An SNL presidents reunion would have been a big event for the show. However, a recent SNL presidents reunion was not for television. Instead, it was for a Funny or Die presidential reunion, as the comedic Web site put together another viral hit. Yet all of Saturday Night Live’s recent presidential impressionists didn’t just reunite for comedy. In fact, this SNL presidents reunion was meant to send a message to the fake, and real, Barack Obama.
One of the many things President Obama is stalled on is credit card and banking reform. Activists have called on him to form a Consumer Financial Protection Agency, to protect consumers and their savings from the banks. Now, those activists have all the other presidents on their side – at least the ones on late night.
Funny or Die’s SNL presidential reunion had Fred Armisen’s version of President Obama visited by his caricatured predecessors, who pushed Obama to form the Consumer Financial Protection Agency. Will Ferrell’s George W. Bush had to be there, since Ferrell is one of the mastermind of Funny or Die.
But in addition, Darrell Hammond’s Bill Clinton and Dana Carvey’s George H.W. Bush also pushed for the agency – even though the real versions helped strip away banking regulations in the first place. Some even older favorites were dug up for the SNL presidents reunion, like Dan Aykroyd’s Jimmy Carter, and Chevy Chase’s Gerald Ford.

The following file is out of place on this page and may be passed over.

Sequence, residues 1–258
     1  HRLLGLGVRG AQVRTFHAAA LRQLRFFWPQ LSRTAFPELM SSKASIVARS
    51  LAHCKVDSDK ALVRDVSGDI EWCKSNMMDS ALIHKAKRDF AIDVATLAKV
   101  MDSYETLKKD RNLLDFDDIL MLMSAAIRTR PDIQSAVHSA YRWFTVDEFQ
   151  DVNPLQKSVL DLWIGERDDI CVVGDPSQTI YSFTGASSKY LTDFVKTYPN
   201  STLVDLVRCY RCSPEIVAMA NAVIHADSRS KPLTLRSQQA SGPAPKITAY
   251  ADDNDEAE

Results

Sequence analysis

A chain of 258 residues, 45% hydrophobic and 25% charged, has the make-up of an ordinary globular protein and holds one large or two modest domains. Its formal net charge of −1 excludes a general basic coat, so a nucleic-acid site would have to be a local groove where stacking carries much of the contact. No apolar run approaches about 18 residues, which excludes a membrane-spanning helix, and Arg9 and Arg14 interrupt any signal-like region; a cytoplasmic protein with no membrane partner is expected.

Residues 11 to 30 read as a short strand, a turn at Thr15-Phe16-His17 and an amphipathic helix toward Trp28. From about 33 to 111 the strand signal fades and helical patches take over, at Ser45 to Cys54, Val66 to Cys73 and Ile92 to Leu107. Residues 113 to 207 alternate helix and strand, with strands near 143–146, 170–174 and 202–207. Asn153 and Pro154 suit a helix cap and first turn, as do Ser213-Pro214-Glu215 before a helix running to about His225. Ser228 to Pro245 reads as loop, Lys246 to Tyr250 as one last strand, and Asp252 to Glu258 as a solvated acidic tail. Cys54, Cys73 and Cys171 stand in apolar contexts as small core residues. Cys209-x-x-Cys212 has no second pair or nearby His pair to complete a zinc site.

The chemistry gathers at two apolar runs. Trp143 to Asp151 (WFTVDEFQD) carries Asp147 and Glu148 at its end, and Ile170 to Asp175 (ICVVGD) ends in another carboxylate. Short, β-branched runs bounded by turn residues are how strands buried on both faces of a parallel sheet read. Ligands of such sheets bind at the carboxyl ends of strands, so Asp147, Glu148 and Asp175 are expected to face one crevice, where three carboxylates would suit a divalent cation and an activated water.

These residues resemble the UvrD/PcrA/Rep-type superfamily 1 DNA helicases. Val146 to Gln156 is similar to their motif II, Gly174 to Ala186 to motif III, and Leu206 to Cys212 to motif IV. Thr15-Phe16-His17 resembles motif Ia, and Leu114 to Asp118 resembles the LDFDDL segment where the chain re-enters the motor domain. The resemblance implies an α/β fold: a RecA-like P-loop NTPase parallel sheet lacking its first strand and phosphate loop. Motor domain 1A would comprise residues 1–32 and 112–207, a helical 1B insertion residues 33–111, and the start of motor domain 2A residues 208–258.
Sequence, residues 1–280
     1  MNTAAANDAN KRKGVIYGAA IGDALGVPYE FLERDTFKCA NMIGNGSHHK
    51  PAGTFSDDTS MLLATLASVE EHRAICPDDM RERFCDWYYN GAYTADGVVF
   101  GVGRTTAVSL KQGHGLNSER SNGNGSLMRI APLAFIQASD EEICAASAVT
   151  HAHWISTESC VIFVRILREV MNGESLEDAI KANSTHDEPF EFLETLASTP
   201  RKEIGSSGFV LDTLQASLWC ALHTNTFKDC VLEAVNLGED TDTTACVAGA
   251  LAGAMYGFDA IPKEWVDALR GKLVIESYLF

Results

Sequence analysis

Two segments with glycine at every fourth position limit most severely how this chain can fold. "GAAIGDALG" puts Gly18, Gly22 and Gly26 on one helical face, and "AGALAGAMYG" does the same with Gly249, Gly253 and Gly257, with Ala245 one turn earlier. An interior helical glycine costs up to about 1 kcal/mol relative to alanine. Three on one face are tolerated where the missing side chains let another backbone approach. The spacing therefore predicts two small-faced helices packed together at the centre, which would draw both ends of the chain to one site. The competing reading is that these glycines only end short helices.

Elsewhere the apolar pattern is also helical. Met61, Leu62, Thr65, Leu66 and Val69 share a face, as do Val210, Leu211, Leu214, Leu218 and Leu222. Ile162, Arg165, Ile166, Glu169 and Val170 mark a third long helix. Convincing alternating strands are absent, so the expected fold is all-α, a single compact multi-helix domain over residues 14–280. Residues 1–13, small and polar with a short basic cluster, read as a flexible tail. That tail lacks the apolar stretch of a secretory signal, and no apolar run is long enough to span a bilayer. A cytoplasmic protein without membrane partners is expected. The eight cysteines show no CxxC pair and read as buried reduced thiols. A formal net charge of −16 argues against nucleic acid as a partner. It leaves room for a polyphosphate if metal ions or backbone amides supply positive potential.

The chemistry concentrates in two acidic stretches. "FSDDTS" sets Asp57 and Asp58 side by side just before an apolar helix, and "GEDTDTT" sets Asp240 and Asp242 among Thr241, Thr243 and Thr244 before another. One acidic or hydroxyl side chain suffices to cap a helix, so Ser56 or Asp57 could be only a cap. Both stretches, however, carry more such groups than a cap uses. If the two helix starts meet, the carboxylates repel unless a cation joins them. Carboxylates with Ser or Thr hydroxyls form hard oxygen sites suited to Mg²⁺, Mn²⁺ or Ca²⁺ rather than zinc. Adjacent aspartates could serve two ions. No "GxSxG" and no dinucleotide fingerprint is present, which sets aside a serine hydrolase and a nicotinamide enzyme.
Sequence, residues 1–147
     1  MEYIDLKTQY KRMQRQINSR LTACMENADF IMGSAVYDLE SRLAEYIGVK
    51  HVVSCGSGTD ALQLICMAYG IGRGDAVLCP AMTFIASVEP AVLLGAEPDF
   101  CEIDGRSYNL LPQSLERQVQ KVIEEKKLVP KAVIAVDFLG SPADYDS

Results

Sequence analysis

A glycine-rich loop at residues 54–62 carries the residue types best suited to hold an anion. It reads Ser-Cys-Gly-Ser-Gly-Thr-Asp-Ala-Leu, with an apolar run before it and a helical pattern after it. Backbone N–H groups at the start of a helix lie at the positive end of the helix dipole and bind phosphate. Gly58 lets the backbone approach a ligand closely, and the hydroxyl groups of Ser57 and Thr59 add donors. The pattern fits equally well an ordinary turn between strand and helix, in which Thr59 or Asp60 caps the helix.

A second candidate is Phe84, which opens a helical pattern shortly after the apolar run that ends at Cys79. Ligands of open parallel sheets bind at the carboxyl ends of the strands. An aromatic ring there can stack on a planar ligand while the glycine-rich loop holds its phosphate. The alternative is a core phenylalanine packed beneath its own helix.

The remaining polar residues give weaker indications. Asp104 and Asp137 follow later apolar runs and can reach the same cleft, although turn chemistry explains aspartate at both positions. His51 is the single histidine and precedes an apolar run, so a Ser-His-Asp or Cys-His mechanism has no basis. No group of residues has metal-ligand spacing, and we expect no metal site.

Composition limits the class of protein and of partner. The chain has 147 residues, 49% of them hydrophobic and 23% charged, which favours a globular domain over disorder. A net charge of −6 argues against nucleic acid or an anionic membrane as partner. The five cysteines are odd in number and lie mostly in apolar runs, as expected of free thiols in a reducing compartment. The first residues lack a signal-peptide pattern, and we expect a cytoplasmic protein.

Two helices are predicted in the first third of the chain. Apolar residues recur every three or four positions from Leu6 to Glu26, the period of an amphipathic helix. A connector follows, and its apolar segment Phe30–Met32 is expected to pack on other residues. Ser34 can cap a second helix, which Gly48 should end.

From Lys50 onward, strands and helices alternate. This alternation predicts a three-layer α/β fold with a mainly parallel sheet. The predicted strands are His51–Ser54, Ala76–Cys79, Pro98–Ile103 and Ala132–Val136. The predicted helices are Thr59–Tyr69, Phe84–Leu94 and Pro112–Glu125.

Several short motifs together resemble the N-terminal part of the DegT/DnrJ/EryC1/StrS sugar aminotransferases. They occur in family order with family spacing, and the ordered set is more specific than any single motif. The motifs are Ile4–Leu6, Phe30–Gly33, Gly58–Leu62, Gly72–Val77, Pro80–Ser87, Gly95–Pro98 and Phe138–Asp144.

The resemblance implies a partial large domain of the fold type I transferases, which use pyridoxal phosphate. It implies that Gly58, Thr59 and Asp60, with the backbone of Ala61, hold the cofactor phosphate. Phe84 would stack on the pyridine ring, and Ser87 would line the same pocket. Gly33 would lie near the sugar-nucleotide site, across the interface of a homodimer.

Yet since Saturday Night Live didn’t have a memorable Ronald Reagan impersonator, except for the late Phil Hartman, Funny or Die reached elsewhere to get their Reagan. Jim Carrey made the special guest appearance as the Gipper – who naturally had the most graphic words for Obama.
One of the hallmarks of Saturday Night Live is presidential sketches, which made it a comedy landmark to bring all their presidents together. Yet it says something that the SNL presidents reunion was on Funny or Die instead, and not the show.
The Web site has become a comedy powerhouse of its own, even spawning an HBO series. It now regularly gets big stars and comedians to make viral hits – and since its online, it can get more graphic to make its points.
The Funny or Die presidential reunion was the site’s latest attempt at mixing comedy with political activism. They even listed a phone number in which activists can call senators and argue for the Consumer Financial Protection Agency themselves. It was read off by the sketch’s director, Ron Howard, who also made a Funny or Die Happy Days spoof about the election in 2008.
Although the SNL presidents reunion was big for comedy, Funny or Die also tried to use it for a deeper purpose. But the sight of the presidential impressionists together may overshadow the actual issues, at least for the moment.
Funny or Die- “Funny or Die’s Presidential Reunion”